Work has been something else lately, and not so much in a good way.
Without saying too much, I'll say that part of problem is that we are currently understaffed and this is one of our heavy enrollment periods. Those factors, coupled with a multiplicity of other issues, has proven to be the perfect formula to create frustrated, tense, and exhausted employees.
Monday evening, I was venting my frustrations of the day onto Chris (sorry, sweetie!) and he said, "I wouldn't blame you one bit if you resigned tomorrow." At that moment, as I was seriously considering what he said, I thought, "Why am I doing this? What is it about this field that I am so drawn to?"
And I couldn't remember.
That evening, I continued to think about my options. I thought about teaching (after all, I do have a degree in Elementary Education), and how I would still have great hours AND be compensated much more for my hard work (yes, you read that correctly). I thought about going to a different University to work. I thought about somehow clawing my way into Corporate America and how much better it would be there. Now, I know that every place has its fair share of issues, but at this point the grass truly was looking greener on the other side.
Needless to say, after an evening of those thoughts, I didn't have the best of all attitudes at work yesterday. And then things just continued to happen all day that made me question more and more why I am in this field.
And I still couldn't remember.
It was about 30 minutes before time to go home when one of our student workers, A, asked me if I could advise a student. I agreed, somewhat grumpily, and began looking through his file before he came back to my office. The student, Mr. D, had never been to college before. He should have graduated high school about 15 years ago, but I saw in his file that he had dropped out and just recently earned his GED. That information made my attitude about advising him even worse. Terrible, I know.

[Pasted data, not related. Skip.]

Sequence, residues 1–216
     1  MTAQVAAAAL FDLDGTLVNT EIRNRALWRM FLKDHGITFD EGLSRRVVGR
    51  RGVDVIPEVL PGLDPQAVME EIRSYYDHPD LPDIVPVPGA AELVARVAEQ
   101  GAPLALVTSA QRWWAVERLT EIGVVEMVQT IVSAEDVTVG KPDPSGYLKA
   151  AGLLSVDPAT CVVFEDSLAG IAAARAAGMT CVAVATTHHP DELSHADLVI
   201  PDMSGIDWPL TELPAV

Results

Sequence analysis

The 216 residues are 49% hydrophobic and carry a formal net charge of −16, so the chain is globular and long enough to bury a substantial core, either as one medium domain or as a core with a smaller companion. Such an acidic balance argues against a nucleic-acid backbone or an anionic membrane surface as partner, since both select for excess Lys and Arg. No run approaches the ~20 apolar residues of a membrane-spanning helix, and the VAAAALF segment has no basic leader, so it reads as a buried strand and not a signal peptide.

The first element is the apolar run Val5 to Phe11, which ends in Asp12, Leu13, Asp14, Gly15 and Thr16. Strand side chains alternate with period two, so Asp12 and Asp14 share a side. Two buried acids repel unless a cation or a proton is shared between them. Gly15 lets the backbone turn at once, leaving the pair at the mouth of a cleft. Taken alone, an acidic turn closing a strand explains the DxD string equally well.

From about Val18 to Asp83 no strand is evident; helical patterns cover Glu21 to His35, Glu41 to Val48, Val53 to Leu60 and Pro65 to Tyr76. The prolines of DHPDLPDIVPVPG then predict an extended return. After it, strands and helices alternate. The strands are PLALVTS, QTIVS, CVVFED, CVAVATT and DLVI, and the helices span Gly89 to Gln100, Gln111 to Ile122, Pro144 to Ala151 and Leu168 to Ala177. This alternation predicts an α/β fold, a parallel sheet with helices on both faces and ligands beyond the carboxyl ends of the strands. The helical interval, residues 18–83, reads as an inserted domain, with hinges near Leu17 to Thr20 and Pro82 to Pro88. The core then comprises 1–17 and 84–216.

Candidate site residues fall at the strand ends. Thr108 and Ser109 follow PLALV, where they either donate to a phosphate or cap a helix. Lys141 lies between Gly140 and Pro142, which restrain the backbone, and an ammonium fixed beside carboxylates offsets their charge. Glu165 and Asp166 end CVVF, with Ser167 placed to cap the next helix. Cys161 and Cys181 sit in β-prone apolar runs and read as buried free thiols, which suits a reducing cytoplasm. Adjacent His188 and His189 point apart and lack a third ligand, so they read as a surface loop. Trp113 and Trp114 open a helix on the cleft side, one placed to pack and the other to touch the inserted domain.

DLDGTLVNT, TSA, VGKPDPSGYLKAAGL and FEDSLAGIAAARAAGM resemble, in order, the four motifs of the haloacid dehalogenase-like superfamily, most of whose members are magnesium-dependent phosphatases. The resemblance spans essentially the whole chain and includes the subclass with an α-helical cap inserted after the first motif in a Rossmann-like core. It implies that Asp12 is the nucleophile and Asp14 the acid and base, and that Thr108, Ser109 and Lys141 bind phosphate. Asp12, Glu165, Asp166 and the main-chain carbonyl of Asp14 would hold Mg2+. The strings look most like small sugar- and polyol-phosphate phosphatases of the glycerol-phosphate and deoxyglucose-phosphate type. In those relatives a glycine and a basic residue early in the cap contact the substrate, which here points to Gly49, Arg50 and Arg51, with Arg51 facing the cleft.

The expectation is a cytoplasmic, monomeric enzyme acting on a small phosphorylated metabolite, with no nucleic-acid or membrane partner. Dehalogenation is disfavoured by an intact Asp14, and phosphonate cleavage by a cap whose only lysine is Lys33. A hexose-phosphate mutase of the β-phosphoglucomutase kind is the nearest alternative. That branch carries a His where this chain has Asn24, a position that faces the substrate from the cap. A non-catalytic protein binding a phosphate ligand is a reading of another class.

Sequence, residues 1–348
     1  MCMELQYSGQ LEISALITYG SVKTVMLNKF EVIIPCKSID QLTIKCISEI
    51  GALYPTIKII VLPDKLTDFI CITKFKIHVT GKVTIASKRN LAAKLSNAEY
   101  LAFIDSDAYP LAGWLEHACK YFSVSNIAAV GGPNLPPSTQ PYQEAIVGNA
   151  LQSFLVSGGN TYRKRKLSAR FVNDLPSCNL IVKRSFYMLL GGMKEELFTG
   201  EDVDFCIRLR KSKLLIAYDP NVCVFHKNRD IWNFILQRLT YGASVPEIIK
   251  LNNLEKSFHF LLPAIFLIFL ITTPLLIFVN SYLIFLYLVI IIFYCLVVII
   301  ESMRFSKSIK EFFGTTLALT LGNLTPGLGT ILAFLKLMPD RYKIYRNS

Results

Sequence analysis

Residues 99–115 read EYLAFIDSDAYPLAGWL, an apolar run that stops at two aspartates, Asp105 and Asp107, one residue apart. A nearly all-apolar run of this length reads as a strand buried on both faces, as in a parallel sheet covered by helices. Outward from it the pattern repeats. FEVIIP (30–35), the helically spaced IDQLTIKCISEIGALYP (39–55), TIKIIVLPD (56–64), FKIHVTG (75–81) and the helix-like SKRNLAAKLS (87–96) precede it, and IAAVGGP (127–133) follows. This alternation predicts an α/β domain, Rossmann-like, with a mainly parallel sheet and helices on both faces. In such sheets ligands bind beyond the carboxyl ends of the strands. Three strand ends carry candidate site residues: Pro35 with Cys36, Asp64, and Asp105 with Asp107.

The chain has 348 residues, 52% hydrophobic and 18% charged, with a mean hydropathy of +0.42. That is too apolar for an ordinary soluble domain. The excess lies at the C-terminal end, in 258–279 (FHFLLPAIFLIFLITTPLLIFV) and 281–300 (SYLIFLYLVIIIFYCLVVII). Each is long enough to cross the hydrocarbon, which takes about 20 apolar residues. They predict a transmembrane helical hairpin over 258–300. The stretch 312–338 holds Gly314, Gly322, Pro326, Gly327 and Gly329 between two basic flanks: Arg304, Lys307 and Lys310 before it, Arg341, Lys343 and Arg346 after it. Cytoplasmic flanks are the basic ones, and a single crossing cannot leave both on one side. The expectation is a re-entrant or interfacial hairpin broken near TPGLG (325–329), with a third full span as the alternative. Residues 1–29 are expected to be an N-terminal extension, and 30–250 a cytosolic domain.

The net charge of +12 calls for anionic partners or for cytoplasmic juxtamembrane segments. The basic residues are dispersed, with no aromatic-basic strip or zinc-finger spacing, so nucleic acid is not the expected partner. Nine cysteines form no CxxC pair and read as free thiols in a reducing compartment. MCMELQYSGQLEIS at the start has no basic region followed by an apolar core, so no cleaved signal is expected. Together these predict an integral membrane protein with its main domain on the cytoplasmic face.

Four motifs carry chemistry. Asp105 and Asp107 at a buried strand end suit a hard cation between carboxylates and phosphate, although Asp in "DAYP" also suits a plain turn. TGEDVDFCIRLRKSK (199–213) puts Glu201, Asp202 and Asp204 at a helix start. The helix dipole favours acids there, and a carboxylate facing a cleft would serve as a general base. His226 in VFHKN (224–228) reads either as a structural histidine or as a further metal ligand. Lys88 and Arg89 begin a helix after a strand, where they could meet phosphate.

As it turned out, Mr. D was very polite and pleasant to work with. He was visibly nervous, but very respectful, which made my heart just go to him. As we were talking, he shared with me that he had dropped out of high school to care for his ill mother. Later, he became certified in a trade to support his growing family. He had wanted to finish high school and even go to college, but those were goals that seemed unattainable to him as a single dad of four children. A year or so ago, he decided to finally get his GED, and that got him really thinking seriously about college. He told me how he wanted to do this for his children and how he had read that if he went to college, they would be more likely to go to college themselves. He had even saved enough money to pay for his first year completely out of pocket.
I could tell right away that Mr. D was serious about this!
I advised Mr. D for the summer and fall semesters, enrolled him in classes, and continued to give him addional information that he would need.
Mr. D: So, I'm almost a student here now?
Me: You're enrolled in classes... you are a student. Welcome to college!
Mr. D: Oh, so I still need to get my student ID card, and go to the Bookstore, and... I'm actually a student now???
Me (smiling): Yes! Welcome to college!
Mr. D: Wow... I just never thought this day would come. I've been praying for this so hard. And everyone at my church has been praying too and (grinning from ear to ear)... I'm really a student now!?!
Me: Yes, congratulations!
Mr. D: Wow.
Just when I needed it most, I was reminded why my heart is in this field.
What a great way to end the day!